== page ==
[We had only booked flights up until Cambodia and hadn't booked our accommodation either because we weren't sure how long we'd be in each location. It's an issue we dealt with most of the trip. While traveling through several countries it can be beneficial to not always have these things pre-booked. You may feel rushed to fit everything in and it may result in missing out on certain activities you were unaware of before arriving but you can read more about the do's and dont's of around the world traveling here.]
When we arrived at the Siem Reap airport we hired a taxi and were matched up with an awesome driver and guide called Mr. Ti (pronounced Tee). Ti ended up being our guide for the duration of our time in Cambodia and we were lucky to have someone as knowledgeable about the area as Mr. Ti. After shopping around for accommodation we found a place to stay and booked a tour that afternoon through the local floating village. There was a floating restaurant for tourists on the river where we stopped and I had some fresh coconut milk. We took a canoe ride through the mangroves and watched the sun set over the lake that the river opened up into. It was an awesome way to end Day One in Siem Reap.
Day Two was full on from the moment we woke up. We had an early breakfast before heading out to tour three of the main temple sites in Siem Reap: Angkor Wat, Ta Prohm(where Tomb Raider was shot) Angkor Thom/Bayon(The Temple of Faces). Angkor Wat was the first stop that morning.
The Angkor Wat complex is a Hindu/Buddhist temple and happens to be the largest religious monument in the world. It also so happens to be one of the seven man-made wonders of the world and the energy there is palpable. The temple is remarkably in tact as far as structure goes and the detail in every inch of the temple is practically inconceivable. Considering the size of the complex its difficult to imagine how much work went into the smallest detail on the walls let alone the overall temple design. We had an amazing time exploring Angkor Wat. We received good luck wrist ties blessed by a monk and actually got to spend time hanging out and chatting with some younger monks that had just finished a swim on the back side of the temple. It was a surreal experience, one that none us will ever forget.
After exploring Angkor Wat for a few hours we moved on to Ta Prohm(Tomb Raider temple).
Ta Prohm hasn't stood the test of time as well as Wat has but the look of crumbled ruins did add some appeal to it. There was also a lot of scaffolding and construction going on in order to restore the site as much as possible to its original state.
There are massive trees and roots growing out of the rocks all over the area which are amazing in and of themselves. We snapped a bunch of photos and decided to head to the next temple.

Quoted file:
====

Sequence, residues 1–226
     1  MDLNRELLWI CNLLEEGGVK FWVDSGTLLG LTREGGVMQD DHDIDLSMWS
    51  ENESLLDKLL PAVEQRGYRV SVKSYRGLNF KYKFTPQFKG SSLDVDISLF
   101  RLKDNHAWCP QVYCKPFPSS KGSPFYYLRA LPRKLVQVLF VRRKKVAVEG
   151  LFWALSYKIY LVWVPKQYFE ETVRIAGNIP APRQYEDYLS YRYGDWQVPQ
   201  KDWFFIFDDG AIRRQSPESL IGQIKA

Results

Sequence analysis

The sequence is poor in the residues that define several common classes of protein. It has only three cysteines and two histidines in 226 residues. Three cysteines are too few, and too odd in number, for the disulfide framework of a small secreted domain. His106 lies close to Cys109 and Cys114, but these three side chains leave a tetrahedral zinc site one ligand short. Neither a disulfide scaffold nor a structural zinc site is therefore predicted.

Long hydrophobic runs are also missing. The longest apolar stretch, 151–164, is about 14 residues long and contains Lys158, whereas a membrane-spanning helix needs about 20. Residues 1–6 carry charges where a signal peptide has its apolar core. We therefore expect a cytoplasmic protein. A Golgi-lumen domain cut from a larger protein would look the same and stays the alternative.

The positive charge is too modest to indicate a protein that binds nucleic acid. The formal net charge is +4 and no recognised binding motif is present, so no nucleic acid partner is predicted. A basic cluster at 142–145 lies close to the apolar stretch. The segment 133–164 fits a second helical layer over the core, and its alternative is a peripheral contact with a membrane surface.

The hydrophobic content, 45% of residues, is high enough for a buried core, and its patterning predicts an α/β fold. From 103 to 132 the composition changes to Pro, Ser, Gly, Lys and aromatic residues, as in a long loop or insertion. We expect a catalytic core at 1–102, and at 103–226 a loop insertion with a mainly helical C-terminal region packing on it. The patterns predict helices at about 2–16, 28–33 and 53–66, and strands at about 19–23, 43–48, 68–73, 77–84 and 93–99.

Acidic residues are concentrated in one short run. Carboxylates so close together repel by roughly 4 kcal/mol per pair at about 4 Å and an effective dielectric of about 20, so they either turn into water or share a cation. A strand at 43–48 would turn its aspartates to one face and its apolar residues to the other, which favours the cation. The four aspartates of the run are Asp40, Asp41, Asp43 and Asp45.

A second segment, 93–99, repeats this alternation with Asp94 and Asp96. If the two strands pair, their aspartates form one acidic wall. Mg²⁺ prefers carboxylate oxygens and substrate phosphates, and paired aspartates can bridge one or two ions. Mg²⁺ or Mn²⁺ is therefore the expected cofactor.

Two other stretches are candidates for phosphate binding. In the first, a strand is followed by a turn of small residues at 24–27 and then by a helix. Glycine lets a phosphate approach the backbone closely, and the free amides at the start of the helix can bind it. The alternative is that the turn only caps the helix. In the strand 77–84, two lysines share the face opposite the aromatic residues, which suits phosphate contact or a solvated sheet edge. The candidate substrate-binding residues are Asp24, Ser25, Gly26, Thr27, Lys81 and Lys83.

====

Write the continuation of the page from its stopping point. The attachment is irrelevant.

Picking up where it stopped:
Ta Prohm is significantly smaller than Angkor Wat so we were able to cover the whole site in a little over an hour. After that we met back up with Mr. Ti and took a drive towards Bayon(The Temple of Faces). At the entrance and exit of Bayon are enormous archways. As we entered the complex Ti pulled the car over and explained that what most people don't know is that you can climb up the archway by a hill on one of the sides and snap some photos so that's exactly what we did.
Finally we had arrived at Bayon, the Temple of Faces.
The site is towering and is composed of hundreds of giant smiling Buddha faces carved into stone. We wandered around in awe of the structure. If you ever get an opportunity to visit Siem Reap Cambodia take it. These temples are unlike anything the three of us had ever seen. Truly spectacular.
When we finished exploring Bayon we walked out to the car park where Ti was waiting for us. His phone rang as we slid into the car and on the line was a friend of his who was having a house warming party that evening. Ti asked us if we would be interested and we realized we couldn't pass up the chance to party with some locals so we accepted the invitation.
We arrived to the house where the guys were just getting started. On the menu were several dishes including whole fish, salad, shrimp(raw and cooked), chicken feet, and lots a lots of beer or as the locals call it Cambodian tea.
|My first time trying chicken feet|
These guys knew how to throw down. As soon as anyone finished a mug of beer it was immediately filled back up to the brim and we would drink again after raising our glasses shouting CHOL MOY(Cheers)!! The drinks were flowing that night and after 15 chol moy's we began to lose count. Soon after that John also lost his lunch in the bushes. We left shortly after that but we had a blast hanging out with the locals. Talk about hospitality! Chol Moy fellas!